In swimming I did 13 widths on my back and not a lot else.

In the evening Mum and Dad went to Anthony's open evening.

Max 1. Min -4. Time 22:00. Span 14hr 50mins

So there you have it. No idea what was going on with the time check there at the end.

Sunday, 3 April 2011

Blogged off?

I haven't posted for nearly seven months and you could be forgiven for thinking that the whole Father's Daze blog thing had died a predictable death.

Well, happy people, this is not true. My writing energies, such as they are, have been directed towards an entirely new project these last few months. Around November time I determined that I would finally get round to writing a book and, not just that, would actually complete the thing. Over the last 18 years or so I have begun probably four or maybe five works of fiction and never got near finishing one. Now, finally, I have achieved my aim.

This marvelous story is in draft form (which means it is full of stylistic potholes and continuity bloopers) and, having finished typing it up the other day, I promised myself I would leave it to settle for a couple of weeks before having a determined stab at re-drafting it.

It's not a long book. At the moment it stands at just shy of 14,000 words. It's a children's story of the surrealistic/anarchic variety. It is called The Trumblebuggins and tells the implausible tale of two children, Oliver and Cynthia Trumblebuggins, whose behaviour sees them expelled from their Junior School and follows the unlikely efforts of their parents and hopeless friend Mr Catchratter to get them back into the school. I started telling this story as a made-up-on-the-spot bedtime story for Rachel and Zack about a year ago. The written version is not quite as absurd as the bedtime story version but it's still a little odd.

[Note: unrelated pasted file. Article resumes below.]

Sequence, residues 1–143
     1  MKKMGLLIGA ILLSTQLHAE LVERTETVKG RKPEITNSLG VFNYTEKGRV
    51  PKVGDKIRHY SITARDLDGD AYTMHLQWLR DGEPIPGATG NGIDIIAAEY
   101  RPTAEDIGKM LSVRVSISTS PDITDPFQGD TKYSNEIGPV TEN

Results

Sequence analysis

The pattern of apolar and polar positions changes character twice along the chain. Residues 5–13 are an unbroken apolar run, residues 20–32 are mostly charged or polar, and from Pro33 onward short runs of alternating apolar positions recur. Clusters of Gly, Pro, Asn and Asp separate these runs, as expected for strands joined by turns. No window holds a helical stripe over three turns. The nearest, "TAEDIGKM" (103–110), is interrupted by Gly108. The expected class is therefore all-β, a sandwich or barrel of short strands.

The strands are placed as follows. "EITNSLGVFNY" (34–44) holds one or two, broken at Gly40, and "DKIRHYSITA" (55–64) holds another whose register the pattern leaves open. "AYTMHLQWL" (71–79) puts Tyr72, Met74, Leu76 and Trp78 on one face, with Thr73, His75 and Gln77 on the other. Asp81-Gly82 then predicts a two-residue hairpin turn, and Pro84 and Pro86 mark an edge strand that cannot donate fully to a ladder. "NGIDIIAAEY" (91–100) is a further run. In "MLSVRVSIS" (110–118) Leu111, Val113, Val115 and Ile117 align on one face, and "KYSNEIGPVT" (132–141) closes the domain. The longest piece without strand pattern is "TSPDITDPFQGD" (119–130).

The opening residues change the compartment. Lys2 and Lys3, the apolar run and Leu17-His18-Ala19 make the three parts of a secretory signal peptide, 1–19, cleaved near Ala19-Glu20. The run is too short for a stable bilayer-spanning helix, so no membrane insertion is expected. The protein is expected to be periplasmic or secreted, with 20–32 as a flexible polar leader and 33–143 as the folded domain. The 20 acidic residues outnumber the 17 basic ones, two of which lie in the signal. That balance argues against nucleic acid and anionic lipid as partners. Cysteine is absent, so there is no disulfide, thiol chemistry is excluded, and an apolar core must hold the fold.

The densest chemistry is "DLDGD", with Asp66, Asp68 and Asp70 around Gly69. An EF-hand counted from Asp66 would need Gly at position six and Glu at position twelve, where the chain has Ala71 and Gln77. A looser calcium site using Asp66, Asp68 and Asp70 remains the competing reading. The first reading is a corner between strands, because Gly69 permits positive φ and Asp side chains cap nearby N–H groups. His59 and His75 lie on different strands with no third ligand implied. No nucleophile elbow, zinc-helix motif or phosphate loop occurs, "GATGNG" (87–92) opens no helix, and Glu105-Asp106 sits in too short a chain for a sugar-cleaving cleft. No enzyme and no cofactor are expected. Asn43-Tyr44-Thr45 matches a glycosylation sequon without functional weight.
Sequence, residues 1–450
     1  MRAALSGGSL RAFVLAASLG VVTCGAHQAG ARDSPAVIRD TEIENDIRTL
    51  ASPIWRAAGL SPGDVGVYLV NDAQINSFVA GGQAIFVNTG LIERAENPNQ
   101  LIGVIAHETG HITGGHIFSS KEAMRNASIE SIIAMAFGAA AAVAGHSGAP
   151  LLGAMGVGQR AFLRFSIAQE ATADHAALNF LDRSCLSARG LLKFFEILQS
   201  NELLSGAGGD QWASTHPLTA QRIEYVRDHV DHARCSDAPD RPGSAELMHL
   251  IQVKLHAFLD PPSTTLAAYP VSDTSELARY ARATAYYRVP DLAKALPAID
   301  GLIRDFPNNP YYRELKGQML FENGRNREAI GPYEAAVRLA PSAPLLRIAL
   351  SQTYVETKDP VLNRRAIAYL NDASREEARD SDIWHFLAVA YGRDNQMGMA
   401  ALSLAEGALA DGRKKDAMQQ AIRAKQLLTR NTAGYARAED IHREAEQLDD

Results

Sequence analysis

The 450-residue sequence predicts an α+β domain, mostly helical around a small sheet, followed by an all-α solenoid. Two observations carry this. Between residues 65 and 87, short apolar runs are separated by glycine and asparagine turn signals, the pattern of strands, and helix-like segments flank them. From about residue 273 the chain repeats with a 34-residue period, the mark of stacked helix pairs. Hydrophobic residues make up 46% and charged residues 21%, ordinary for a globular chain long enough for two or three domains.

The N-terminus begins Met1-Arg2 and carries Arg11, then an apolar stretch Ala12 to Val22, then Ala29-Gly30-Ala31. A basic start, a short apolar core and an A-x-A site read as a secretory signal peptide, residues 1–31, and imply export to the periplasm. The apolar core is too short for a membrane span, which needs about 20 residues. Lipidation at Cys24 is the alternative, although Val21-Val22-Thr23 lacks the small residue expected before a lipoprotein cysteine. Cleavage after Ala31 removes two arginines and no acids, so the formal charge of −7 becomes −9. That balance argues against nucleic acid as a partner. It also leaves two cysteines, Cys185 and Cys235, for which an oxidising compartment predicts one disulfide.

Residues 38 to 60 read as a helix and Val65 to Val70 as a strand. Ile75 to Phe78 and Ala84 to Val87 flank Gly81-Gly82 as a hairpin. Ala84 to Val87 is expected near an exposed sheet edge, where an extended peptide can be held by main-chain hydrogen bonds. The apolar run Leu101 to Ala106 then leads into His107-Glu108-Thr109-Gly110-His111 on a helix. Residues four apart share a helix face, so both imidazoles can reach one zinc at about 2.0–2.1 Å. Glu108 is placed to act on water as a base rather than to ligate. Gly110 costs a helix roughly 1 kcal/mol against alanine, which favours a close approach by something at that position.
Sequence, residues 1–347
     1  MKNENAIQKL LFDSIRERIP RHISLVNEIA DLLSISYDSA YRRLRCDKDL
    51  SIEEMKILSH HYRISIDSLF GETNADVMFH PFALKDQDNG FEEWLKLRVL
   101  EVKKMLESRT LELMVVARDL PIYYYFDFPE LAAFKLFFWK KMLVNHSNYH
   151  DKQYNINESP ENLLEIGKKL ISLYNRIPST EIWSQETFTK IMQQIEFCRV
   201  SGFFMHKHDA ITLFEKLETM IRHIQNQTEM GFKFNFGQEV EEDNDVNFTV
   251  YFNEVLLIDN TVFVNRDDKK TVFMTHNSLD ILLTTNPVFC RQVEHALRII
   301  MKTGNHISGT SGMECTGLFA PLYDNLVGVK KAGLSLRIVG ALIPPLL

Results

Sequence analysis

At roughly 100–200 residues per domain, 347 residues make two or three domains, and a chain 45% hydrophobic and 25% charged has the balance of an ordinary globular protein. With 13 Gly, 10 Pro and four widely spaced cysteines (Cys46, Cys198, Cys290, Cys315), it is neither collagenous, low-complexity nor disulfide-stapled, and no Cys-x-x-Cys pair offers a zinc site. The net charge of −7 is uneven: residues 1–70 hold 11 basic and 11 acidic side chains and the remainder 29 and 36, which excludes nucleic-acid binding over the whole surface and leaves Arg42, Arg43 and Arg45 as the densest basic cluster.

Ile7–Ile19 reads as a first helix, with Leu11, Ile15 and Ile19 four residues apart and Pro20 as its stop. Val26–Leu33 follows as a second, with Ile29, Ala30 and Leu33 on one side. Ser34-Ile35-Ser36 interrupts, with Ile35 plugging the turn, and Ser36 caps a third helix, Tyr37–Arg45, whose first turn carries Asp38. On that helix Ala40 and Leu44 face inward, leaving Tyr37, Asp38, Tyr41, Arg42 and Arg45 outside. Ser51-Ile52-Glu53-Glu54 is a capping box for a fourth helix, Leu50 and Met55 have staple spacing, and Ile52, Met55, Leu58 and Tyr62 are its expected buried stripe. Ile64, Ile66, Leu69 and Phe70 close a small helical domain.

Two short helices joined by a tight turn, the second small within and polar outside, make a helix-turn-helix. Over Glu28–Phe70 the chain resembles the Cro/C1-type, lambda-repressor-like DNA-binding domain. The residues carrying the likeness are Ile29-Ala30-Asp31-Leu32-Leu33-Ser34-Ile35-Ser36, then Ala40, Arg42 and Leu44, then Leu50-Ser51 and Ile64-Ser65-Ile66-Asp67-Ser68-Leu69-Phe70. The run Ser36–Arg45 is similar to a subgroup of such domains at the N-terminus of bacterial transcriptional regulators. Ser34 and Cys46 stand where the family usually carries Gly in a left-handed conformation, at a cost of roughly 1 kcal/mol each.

I won't pretend that it doesn't owe something to the writing style of Roald Dahl. It wasn't an attempt to ape him. It's just what came out when I got going with it.

Rachel and Zack have taken portions of the book to school for their friends to read and comment on and reaction so far has been pretty favourable. Once it's ready for a wider readership I intend to try to get it published commercially. This is most unlikely to succeed.

Should I not find a regular publisher, I have a self-publishing route that I can follow which will at least see the book exist, even if you won't be able to find in on the shelves in Waterstones.

I've redrafted some chunks of the book to the point where I'm now feeling brave enough to expose it to a wider audience, so here is a section that will give you a feel for what this is all about:

Chapter 7: Mrs Trumblebuggins has a Crumpet

Later that day, Mr Trumblebuggins and Mr Catchratter sat at the kitchen table of the Trumblebuggins’s house.

The day had not been a great success. Mr Catchratter had barely escaped from Crackpot Junior School, Mr Trumblebuggins had had a long and difficult conversation at the police station about what had happened at the Corkscrew’s house that morning, and worst of all, as far as Mrs Trumblebuggins was concerned, Olly and Cynthia were still not able to go back to school.